Freelance Knight

Promoting – How Involved Should Freelancers Be in Marketing?

Promoting – How Involved Should Freelancers Be in Marketing?

Promoting – How Involved Should Freelancers Be in Marketing?

Barton Reese Pogue Poetry And Arts FestivalThis past weekend was International TableTop Day. For much of the day, I was busy at a local poetry and arts festival where my wife won second place for an original poem. So, I did not participate in any of the local game store events, nor did I host a large event in my home this year. That evening, I did play some games with my family so I could enjoy this gamer-created holiday.

Last night and today, as I have been catching up on all the Facebook and Twitter posts regarding TableTop Day events all over the world, I got to pondering. As a freelancer, how much effort should I be putting into actively promoting games that I work on as a freelancer? I have always thought I was doing this well, but now I am musing: is it enough? I post on my social networks and on my blog about games that I help produce. I discuss the games online and in forums. I even volunteer at Gen Con to assist in the Exhibit Hall booth. But, should we as freelancers be doing even more active promoting of the games we work on? We were hired and compensated for a specific freelance job. Does that obligate or at least encourage us to be involved in the marketing of that games? I am not sure I know the right answer yet. I am interested in opening this discussion and seeing where it takes us.

Promote has two definitions that I feel are key to this discussion.

1. to help or encourage to exist or flourish

2. to encourage the sales, acceptance, etc., of (a product), especially through advertising or other publicity.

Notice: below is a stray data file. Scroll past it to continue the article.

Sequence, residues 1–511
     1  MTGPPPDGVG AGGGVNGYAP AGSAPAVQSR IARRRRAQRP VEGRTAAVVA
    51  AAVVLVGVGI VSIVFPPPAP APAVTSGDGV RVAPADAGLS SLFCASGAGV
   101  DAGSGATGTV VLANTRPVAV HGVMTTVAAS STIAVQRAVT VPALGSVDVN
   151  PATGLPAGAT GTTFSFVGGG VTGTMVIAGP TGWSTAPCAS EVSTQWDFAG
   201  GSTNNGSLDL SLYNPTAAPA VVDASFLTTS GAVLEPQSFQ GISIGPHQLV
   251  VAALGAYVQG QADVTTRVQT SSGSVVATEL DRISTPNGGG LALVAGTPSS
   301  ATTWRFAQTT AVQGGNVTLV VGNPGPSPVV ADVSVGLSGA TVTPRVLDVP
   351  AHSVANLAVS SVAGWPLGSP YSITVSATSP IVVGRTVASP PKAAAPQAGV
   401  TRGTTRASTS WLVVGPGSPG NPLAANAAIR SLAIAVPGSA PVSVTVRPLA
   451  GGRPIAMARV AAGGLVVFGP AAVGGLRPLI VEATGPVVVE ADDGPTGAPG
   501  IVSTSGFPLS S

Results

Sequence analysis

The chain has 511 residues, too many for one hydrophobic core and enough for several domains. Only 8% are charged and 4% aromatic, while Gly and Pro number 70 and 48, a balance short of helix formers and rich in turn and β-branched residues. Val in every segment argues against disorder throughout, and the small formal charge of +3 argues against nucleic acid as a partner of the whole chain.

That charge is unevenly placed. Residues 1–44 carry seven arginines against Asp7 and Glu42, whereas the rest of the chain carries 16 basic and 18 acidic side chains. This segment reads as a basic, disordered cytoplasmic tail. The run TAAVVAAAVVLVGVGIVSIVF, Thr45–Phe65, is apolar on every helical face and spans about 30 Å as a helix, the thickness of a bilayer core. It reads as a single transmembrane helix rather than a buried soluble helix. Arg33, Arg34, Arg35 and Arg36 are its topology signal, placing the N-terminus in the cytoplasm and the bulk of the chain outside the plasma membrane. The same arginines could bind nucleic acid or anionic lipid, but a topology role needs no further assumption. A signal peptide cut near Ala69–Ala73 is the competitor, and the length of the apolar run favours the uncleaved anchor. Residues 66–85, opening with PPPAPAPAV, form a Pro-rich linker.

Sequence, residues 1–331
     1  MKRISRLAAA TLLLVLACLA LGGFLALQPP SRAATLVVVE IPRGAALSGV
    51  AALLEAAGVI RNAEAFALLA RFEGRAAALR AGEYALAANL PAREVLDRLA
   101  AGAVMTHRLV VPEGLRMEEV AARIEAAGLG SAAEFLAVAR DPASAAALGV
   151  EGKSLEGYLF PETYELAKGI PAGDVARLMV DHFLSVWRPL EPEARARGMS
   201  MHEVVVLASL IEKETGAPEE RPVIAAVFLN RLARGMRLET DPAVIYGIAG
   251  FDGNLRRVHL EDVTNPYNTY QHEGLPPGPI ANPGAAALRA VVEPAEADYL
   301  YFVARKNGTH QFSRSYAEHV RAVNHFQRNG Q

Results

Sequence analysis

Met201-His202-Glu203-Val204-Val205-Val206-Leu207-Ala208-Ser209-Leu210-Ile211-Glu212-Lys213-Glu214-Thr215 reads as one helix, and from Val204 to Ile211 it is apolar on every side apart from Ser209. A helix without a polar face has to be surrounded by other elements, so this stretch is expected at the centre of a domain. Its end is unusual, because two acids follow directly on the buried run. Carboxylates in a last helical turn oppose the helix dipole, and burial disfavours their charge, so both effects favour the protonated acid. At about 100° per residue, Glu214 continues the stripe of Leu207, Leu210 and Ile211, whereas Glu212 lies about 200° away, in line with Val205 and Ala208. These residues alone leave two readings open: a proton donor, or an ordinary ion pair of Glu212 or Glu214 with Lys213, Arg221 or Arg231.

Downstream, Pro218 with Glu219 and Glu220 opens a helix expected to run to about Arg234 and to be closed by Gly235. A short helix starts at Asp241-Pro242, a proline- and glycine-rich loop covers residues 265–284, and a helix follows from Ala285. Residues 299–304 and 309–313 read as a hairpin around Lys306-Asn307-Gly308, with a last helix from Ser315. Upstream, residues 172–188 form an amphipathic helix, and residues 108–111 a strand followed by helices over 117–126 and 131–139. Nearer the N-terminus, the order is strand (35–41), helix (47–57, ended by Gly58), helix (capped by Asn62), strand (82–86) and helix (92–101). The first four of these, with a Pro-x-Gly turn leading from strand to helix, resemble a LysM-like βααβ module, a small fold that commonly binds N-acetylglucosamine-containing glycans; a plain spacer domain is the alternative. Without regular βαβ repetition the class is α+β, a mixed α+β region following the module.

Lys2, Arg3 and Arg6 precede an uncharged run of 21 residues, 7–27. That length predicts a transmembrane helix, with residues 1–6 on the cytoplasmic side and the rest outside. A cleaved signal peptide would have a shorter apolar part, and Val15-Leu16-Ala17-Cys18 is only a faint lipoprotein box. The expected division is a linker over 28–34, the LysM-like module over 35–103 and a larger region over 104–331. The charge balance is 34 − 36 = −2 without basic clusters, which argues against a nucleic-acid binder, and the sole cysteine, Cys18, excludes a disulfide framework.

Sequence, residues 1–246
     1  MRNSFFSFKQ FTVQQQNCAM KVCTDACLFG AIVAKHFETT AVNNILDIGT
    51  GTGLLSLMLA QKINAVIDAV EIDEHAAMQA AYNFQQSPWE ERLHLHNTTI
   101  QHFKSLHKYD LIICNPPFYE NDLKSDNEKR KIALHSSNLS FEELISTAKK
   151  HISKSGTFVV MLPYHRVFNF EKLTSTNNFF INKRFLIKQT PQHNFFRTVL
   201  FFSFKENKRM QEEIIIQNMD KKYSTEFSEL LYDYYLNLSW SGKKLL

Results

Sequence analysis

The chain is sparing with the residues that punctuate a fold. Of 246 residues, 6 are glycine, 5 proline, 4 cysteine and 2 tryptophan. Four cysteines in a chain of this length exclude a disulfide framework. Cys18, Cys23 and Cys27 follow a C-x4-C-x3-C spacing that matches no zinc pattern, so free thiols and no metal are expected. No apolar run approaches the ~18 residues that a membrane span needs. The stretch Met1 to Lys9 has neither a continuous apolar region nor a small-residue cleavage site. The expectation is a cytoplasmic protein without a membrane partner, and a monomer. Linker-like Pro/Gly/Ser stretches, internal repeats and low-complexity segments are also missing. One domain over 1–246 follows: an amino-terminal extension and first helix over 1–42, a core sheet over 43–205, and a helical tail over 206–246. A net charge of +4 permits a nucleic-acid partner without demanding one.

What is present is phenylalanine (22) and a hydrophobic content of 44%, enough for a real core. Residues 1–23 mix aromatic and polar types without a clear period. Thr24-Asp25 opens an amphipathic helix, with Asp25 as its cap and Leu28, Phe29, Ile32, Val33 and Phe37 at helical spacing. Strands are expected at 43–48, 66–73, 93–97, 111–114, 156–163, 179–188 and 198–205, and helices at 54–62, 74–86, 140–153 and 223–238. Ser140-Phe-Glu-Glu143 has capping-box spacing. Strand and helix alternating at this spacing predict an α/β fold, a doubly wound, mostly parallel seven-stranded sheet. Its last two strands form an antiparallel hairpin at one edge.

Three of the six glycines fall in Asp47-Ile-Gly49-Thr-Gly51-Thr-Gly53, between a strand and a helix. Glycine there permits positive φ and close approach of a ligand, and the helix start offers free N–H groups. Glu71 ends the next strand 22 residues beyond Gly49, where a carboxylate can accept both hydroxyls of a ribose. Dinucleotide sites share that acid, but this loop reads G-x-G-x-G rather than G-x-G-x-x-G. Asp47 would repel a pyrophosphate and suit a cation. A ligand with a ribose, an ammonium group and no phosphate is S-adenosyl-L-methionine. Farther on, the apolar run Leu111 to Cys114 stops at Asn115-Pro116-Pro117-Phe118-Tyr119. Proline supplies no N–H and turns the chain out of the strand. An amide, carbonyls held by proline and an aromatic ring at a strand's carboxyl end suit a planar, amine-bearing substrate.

(Source: http://dictionary.reference.com/browse/promote?s=t)

I think all passionate gamers (including freelancers) are involved in the first definition. We love games. We purchase games. We play games. We talk about games. We encourage others to play games. We attend game conventions. We host and attend gaming events and holidays. We, as freelancers, go another step further and work on games so there are even more to enjoy!  So I think freelancers promote gaming in general quiet passionately already.

International TableTop DayThe question is, how actively are we promoting the sales and acceptance of the specific games we work on as freelancers? Reflecting again on this weekend’s International TableTop Day, as a freelancer, should I have been attending or hosting an event and encouraging attendees to play games I worked on? Is it okay to just have the games with you in case someone is interested in learning the game, or should you be actively encouraging those freelanced games? How do you encourage without being overtly pushy? When do players start feeling you are too biased about your published games? I am sure game designers and publishers really struggle with this. When they host or attend an event like TableTop Day, they have to balance their time being a gamer who enjoys other games vs owning a business that has products that need promoted.

Part of the challenge for a freelancer with games from various publishers, which ones do you actively promote? How do you promote one game over another without showing favoritism for a particular publisher? Or is it fine to have some published games you worked on that you are more passionate about than others?

Like I said earlier, I don’t have the answers. I think much of this idea of promoting games you freelance on will be a personal decision. I am very curious to  hear your thoughts and experiences on the topic. If you are a freelancer, how active a role have you taken in promoting games you work on? If you are a publisher or game designer, how do you balance your gamer side and your business side at gaming events?

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